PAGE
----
becomes more popular. The SPE oers several important
advantages: high enrichment factor, high recovery, rapid
phase separation, low cost, low consumption of organic
solvents and the ability of combination with dierent
detection techniques (Pyrzynska, 1999; Ahmed, 2007).
The choice of appropriate sorbent is a critical factor
to obtain full recovery and high enrichment factor in
the SPE procedure. Many sorbents have been used for
preconcentration of metal ions, such as activated carbon
(Ghaedi, 2007), XAD resins (Guo et al., 2004; Tewari
and Singh, 2000), cellulose (De Gustavo et al., 2004),
nanometer titanium dioxide (Liu et al., 2005; Zheng et al.,
2011; Sha et al., 2009), eggshell membrane (Suleiman et
al., 2009) and ion exchange resins (Abollino et al., 2000),
etc.
The molecular formula of silica gel is SiO2 nH2 O, it is
composed of a plurality of polysilicic acid via intermolecular dehydration and formation of a kind of porous material.
It is an amorphous chain and the reticular formation of

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Journal of Environmental Sciences 2013, 25(Suppl.) S45S49 / Hongbo Xu et al.

the silicate polymer particles, and is a hydrophilic polar


adsorbent. Silica gel is by far the most important one in
current use in the environmental pollution control due to
its large surface area, high adsorption capacity, porous
structure and high purity standards (Fritz et al., 1996).
In this work, a sensitive SPE method for the simultaneous preconcentration and determination of cadmium and
lead ions in various real samples using high temperature
treated silica gel as adsorption agent was established. Several experimental variables aecting the method sensitivity
and stability were investigated. Parameters that can aect
the adsorption and elution eciency of the metal ions
were studied. Then, the method was validated by analyzing
the standard reference material (GBW 07304a, stream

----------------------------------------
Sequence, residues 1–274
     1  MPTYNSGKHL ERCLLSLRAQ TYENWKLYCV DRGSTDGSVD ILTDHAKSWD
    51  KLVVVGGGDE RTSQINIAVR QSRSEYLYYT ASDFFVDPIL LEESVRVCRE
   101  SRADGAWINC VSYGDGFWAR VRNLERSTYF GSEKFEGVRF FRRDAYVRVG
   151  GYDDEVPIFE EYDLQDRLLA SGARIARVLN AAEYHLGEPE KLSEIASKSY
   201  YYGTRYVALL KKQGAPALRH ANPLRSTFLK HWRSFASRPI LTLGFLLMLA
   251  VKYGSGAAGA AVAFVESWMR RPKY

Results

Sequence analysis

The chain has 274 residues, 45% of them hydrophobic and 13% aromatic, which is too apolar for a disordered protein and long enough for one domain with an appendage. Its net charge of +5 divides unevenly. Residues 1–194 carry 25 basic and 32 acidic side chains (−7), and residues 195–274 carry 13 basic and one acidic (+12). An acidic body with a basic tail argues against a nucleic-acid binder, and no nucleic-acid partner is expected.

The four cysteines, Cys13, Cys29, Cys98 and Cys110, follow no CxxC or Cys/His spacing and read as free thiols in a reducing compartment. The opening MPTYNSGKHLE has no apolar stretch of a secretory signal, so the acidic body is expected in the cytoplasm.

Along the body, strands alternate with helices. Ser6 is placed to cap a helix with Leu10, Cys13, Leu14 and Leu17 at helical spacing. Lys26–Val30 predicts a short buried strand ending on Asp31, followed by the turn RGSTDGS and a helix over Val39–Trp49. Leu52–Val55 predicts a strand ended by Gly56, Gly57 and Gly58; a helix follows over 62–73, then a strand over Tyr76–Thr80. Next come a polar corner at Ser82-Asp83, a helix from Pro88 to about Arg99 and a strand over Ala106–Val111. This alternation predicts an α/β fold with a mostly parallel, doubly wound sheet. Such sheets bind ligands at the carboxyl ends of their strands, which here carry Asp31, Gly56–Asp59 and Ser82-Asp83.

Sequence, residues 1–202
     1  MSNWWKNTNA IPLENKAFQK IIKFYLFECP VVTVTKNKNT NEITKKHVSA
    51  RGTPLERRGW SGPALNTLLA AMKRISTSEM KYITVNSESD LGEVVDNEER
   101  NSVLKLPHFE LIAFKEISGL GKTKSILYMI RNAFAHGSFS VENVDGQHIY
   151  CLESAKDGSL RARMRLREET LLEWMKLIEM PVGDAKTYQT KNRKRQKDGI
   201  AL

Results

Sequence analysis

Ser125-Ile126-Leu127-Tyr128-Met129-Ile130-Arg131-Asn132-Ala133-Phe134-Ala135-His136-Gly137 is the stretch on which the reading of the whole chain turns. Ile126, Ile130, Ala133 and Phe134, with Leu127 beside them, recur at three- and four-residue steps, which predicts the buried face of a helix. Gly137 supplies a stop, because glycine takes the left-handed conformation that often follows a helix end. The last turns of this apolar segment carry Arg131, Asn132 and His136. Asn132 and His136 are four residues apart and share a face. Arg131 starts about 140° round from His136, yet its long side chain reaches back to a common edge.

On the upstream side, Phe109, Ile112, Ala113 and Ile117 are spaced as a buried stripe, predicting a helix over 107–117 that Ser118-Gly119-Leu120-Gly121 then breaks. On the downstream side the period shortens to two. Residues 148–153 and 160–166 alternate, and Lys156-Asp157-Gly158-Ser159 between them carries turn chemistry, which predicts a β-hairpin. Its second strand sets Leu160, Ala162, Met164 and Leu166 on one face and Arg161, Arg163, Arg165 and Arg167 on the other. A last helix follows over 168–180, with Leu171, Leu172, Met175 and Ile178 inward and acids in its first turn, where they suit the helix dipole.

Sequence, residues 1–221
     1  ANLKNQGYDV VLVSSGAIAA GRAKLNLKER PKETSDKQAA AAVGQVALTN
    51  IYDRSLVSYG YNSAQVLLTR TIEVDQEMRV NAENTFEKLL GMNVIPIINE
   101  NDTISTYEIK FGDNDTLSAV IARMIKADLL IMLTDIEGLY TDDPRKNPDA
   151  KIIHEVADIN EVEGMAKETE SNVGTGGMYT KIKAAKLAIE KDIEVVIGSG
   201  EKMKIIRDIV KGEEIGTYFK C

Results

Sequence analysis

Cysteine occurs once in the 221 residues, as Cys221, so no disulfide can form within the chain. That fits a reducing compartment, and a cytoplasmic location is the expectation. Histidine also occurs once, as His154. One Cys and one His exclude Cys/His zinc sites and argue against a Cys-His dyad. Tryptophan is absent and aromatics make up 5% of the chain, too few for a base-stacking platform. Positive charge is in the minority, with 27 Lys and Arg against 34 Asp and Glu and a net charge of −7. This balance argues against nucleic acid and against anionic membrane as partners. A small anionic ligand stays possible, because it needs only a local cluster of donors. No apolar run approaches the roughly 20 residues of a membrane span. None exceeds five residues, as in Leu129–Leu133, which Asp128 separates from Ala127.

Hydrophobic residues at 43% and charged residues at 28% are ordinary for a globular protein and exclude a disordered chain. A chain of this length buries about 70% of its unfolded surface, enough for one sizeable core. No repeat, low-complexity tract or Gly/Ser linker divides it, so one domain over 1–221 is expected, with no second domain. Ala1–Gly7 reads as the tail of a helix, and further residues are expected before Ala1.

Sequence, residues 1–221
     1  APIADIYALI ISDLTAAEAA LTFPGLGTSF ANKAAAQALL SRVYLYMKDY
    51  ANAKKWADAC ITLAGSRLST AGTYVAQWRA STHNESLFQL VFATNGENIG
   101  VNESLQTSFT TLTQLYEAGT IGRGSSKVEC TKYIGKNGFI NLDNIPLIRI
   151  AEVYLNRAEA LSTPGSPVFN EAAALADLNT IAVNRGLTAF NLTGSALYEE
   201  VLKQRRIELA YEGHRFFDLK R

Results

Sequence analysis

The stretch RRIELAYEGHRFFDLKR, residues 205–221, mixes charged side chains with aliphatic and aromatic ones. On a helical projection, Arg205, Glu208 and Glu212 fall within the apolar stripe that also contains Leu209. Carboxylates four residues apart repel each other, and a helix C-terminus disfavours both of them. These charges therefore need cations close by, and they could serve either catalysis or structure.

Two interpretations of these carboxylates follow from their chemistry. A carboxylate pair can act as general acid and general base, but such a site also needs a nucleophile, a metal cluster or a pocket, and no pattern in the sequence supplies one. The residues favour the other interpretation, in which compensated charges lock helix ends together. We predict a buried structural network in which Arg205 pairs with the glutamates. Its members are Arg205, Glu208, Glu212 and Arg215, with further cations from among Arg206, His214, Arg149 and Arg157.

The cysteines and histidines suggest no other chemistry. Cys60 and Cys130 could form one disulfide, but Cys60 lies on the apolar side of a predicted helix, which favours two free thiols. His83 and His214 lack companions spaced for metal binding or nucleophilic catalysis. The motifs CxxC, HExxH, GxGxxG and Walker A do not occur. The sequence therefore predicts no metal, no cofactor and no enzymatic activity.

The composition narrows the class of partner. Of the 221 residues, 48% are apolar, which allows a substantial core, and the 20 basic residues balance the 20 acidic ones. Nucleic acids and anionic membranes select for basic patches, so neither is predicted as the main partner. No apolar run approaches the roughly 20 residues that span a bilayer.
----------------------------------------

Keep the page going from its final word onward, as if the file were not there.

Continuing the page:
sediment) and applied to the analysis of treated wastewater
samples.

Vol. 25

1.4 Adsorption and desorption experiment


A series of standards or sample solutions containing Cd(II)
and Pb(II) were transferred into a 50 mL beaker, and the
pH value was adjusted to the desired value with 0.10 mol/L
HCl and NH3 H2 O. Then the volume was adjusted to 25
mL with double distilled water. A pretreated silica gel of
300 mg was added, and the mixture was shaken vigorously
for 10 min to facilitate adsorption of the metal ions onto
the sorbents. The whole system was stilled for 60 min.
After the solution was centrifuged, the concentrations of
Cd(II) and Pb(II) in the solution were directly determined
by FAAS. The sorbent was then eluted with HNO3 of
optimum concentration and the desorbed metal ions were
measured by FAAS. Then adsorption and desorption rate
were calculated.
1.5 Sample preparation

1 Experimental
1.1 Apparatus
A multifunctional atomic absorption spectrophotometer
(CAAM-2001, Beijing Purkinge Genereal Instrument Co.,
China) was used. All measurements were carried out in
an air-acetylene flame. Cadmium and lead hollow cathode
lamps were used as the radiation source at the wavelengths of 228.8 and 283.3 nm, respectively. The operating
conditions adjusted in the spectrometer were carried out
according to the standard guidelines of the manufacturers.
A pH meter (pHS-25, Shanghai Precision and Scientific
Instrument Corp., China), an centrifuge (80-2, Anke Scientific Instrument Factory, China) and a thermostatic bath